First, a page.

I was also wowed by the combination of the beet and citrus salad with almonds and Ricotta ($15). It rewards with an array of contrasting flavours and textures.

The evening’s  visual show stopper was the bagna cauda (top).  This simply conceived vegetable dip includes fingerling potatoes, celery, peppers and carrots, plus home baked bread. The “hot bath” is a delicious hot anchovy and garlic ‘fondue’ ($17). I’ll be back for these too.


Heritage pork chop with Roman sauce and smashed root vegetables

Heritage pork chop with Roman sauce and smashed root vegetables

Next up: a wood fired heritage pork chop. It comes tender and singed, served with irresistible seasonal ‘smashed’ root vegetables. The open grill sees lots of action.  Featured spit-roasted offering change by the day. And a wealth of other tastes to ponder roams from grilled squid to rabbit and more.


Grandfather’s Chocolate Tart, with olive oil, sea salt and pine-nuts

Grandfather’s Chocolate Tart

For dessert, all we needed was to share the sinfully rich and dense “Grandfather’s Chocolate Tart,” another superb array of contrasts, with extra virgin olive oil, sea salt and pine nuts.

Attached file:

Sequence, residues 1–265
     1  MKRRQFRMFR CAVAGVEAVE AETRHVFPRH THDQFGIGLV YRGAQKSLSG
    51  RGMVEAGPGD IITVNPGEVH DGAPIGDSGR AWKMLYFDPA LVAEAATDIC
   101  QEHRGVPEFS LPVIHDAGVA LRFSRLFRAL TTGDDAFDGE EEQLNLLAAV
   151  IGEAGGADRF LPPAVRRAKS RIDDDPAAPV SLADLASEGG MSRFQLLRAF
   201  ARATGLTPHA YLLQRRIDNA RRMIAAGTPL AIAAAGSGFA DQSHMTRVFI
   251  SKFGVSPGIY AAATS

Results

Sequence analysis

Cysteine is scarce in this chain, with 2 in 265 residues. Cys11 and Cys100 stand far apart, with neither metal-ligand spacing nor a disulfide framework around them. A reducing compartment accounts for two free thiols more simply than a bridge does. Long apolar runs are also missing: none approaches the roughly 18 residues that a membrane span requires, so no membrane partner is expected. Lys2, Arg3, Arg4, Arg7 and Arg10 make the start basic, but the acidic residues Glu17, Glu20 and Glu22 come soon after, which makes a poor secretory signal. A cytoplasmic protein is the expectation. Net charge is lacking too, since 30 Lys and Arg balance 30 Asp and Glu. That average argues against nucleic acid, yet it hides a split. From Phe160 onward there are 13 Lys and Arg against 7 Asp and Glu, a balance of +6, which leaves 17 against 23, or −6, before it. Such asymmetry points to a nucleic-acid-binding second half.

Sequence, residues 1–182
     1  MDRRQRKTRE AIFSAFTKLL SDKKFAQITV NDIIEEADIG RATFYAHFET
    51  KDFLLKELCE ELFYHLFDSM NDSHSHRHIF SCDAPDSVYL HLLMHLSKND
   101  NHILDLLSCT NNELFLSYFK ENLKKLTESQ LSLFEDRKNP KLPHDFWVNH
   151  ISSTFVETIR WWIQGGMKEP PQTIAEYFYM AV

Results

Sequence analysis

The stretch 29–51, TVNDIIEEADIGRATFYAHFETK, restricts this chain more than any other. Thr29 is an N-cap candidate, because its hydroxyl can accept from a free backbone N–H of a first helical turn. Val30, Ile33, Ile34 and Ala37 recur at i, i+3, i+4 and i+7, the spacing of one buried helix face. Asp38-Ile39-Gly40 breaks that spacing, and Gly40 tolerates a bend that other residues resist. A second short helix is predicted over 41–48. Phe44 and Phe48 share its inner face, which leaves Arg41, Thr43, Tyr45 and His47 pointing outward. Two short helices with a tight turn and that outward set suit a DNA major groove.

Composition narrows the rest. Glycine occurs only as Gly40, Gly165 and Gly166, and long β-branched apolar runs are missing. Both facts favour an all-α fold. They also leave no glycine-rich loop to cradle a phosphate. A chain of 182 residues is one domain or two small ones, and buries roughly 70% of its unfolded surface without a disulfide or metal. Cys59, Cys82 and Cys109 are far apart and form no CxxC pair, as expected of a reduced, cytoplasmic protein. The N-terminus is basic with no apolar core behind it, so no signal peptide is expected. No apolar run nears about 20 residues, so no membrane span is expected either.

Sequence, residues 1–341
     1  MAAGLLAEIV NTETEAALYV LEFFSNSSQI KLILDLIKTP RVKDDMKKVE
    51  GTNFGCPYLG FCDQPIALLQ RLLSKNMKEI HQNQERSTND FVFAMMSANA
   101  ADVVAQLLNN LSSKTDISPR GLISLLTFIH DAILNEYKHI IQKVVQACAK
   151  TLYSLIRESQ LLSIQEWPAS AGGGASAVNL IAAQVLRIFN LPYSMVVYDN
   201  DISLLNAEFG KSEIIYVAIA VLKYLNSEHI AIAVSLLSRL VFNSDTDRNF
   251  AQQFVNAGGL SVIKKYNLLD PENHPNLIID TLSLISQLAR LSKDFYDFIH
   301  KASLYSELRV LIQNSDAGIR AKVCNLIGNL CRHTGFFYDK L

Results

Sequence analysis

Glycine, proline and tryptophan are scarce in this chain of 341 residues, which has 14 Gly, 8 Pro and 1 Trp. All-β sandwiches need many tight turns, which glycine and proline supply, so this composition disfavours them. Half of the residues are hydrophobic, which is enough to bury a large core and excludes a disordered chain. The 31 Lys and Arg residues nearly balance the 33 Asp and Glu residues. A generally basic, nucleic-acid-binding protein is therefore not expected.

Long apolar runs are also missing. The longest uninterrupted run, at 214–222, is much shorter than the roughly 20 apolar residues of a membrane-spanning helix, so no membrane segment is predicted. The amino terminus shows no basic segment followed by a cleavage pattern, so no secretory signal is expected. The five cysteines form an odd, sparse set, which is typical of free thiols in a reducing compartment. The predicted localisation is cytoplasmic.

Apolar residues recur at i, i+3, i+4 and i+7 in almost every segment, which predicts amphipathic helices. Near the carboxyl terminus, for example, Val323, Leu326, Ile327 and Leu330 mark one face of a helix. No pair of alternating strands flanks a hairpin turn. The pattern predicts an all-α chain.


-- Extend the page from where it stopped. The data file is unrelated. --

In the glass

savio volpe wine listIf you wanted more evidence of depth, a glance at the wine list confirms it. Plus the staff know their pairings.   The all Italian list is well chosen and balanced with good local craft brews (Brassneck, Four Winds etc.) and smart cocktails.

Equally smart is the service. Not to mention the retro play list, which is one of the best I’ve heard, ever.

Wines by the glass run the gamut of the wine list, which allows for lots of flexibility. Planeta La Segreta Bianco 2014 (Sicily) had the citrus notes and the acidity for a slam dunk with the kale salad.  And for the pork chop, Del Barbaresco Nebbiolo (Langhe) ’13 was perfect.


A savio room

A warm and bustling interior

A well planned and bustling interior

The designers behind Savio Volpe have wrought a miracle. In a previous life, I knew this space as a longtime truck tire service garage and retread plant. But the building has great bones and they’ve made the most of them. The design is by Ste Marie, which is  responsible for a number of award-winning designs, from Homer Street Café, Ask for Luigi, Meat and Bread and Bao Bei. Its principal, Craig Stanghetta is co-owner with Paul Grunberg (also co-owner l’Abattoire, and former manager at several notables) and Mark Perrier (also an impressive resumé).